Get Instant Help From 5000+ Experts For
question

Writing: Get your essay and assignment written from scratch by PhD expert

Rewriting: Paraphrase or rewrite your friend's essay with similar meaning at reduced cost

Editing:Proofread your work by experts and improve grade at Lowest cost

And Improve Your Grades
myassignmenthelp.com
loader
Phone no. Missing!

Enter phone no. to receive critical updates and urgent messages !

Attach file

Error goes here

Files Missing!

Please upload all relevant files for quick & complete assistance.

Guaranteed Higher Grade!
Free Quote
wave

Culture in India

Question:

Discuss about the Cultural differences between India and United Kingdom.

Every country, society and community has more or less different cultures. Diversity in the cultural field can be seen in both the countries India and UK. There is a need to be aware of the cultural differences between the two countries. Being familiar with the culture of the other country enhances ones awareness for distance powers, respect, institutional and in-group collectivism. All these reflect on the future performance and its humane and personal orientation might cause a problem. In this report, these cultural differences between India and UK will be elaborated.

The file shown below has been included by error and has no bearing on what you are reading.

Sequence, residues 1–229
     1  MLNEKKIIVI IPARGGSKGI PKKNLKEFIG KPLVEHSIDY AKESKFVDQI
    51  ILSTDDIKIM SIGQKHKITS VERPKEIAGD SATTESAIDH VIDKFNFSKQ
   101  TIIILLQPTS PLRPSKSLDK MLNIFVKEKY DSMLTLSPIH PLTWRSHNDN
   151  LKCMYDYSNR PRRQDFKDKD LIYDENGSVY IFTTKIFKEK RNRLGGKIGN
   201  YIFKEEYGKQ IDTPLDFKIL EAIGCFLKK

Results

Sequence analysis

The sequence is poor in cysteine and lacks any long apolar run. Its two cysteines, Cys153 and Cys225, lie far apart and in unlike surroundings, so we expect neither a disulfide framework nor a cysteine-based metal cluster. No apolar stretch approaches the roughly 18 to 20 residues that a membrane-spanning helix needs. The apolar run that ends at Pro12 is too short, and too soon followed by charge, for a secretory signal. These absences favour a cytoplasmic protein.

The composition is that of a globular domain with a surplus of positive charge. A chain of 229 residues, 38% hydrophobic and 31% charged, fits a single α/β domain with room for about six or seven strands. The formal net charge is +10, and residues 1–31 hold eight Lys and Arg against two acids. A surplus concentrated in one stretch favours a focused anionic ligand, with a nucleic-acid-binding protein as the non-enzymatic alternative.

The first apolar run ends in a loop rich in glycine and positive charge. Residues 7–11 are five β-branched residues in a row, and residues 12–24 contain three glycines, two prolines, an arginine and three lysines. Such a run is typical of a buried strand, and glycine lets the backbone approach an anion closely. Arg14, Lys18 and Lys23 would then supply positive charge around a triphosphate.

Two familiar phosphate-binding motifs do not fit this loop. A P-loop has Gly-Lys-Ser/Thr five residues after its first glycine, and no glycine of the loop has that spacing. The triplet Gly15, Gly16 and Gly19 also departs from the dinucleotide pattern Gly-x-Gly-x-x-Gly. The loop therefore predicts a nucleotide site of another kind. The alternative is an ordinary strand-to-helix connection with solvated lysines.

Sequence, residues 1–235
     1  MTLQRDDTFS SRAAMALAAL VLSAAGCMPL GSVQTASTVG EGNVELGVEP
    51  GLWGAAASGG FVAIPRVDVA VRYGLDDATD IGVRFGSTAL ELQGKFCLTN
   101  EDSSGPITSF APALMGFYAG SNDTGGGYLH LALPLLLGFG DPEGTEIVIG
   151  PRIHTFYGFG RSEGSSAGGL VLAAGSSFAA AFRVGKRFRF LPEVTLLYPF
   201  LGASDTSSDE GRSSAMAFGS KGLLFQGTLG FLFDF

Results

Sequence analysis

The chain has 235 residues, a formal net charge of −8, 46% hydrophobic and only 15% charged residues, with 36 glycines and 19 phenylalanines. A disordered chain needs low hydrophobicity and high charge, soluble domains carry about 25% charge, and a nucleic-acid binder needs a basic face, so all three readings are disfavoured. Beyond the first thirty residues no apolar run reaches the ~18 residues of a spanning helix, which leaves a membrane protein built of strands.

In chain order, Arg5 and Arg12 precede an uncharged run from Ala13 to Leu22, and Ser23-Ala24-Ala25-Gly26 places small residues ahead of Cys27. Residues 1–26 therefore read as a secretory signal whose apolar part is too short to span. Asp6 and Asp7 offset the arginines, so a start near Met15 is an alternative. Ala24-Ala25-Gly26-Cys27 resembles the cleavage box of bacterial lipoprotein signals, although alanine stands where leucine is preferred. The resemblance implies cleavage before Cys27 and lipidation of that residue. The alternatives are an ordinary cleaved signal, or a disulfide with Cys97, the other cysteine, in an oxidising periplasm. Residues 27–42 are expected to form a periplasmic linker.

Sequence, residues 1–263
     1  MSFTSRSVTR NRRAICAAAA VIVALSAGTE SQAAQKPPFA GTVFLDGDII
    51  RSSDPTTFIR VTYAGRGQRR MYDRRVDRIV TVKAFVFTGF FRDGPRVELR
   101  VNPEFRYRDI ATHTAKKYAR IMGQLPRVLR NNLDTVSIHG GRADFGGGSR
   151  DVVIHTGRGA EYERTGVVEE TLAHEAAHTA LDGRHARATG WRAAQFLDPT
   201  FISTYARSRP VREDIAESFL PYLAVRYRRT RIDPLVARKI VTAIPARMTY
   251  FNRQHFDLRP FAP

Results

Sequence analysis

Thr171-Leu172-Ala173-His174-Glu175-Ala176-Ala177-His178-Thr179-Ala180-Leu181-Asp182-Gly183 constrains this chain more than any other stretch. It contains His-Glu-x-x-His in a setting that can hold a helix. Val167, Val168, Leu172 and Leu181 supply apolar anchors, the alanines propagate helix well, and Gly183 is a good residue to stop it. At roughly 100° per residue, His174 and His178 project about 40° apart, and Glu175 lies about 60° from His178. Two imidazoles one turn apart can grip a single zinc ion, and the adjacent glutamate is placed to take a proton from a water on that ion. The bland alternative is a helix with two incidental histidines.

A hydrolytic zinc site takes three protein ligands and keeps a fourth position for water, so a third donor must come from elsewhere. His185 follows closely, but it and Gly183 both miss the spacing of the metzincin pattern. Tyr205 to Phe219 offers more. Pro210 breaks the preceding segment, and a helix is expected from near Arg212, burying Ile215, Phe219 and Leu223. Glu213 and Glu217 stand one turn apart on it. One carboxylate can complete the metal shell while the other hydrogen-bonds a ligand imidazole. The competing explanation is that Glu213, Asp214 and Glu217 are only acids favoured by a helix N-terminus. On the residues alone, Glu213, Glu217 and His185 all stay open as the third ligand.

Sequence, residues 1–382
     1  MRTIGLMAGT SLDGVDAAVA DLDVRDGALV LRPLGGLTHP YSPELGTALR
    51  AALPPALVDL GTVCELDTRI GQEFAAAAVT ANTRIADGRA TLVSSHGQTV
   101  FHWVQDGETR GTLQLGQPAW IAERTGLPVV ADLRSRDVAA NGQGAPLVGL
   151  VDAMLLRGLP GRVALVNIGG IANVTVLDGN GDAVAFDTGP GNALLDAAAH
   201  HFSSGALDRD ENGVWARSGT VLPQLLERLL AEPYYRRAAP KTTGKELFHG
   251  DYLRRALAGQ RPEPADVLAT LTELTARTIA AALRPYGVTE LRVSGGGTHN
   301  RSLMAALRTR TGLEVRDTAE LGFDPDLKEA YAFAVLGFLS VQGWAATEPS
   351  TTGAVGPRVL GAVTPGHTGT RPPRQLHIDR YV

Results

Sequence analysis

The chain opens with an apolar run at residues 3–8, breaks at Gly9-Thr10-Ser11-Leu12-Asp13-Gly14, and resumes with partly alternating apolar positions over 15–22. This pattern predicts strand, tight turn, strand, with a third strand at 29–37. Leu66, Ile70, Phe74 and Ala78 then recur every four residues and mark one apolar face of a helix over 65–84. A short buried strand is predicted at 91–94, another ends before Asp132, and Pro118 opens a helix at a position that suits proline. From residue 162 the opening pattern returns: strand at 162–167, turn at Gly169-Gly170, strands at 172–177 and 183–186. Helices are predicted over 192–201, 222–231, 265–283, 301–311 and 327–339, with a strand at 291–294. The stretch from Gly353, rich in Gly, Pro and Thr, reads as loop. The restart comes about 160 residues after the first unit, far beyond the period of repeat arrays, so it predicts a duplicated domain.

A cross cultural study was made by Hofstede that shows almost 76 countries has been identified as having four different independent components. These dimensions include Collectivism vs. Individualism, Femininity vs. Masculinity, Power Distance and uncertainty avoidance (Pennycook 2017). According to his theories, United Kingdom and India were regarded as one of the explored countries.

India is regarded as one of the mysterious and unique civilizations that are diverse with rich cultural traditions (Oyserman 2017). This diversity in the fields of culture can highly affect ones spheres of life. Some of the factors like religion, caste and language needs to taken into consideration while studying the culture of India. Indians has made a significant change of the different advances in the Indian culture that includes labelled versions even. The country is rich in diversity that includes behaviours with the different customs and ideas that they are usually a part. Various arts, handicrafts, religions, food habits, dance and music are parts of their almost regular culture. The culture may be varied as well as unique and is in such a section that contains its information on the varied aspects. The culture is a pure reflection that needs to be dressed on the way of their life and entails more on their speaking, eating and every manner. There is hardly any country unlike India, which has a diversified range in their culture.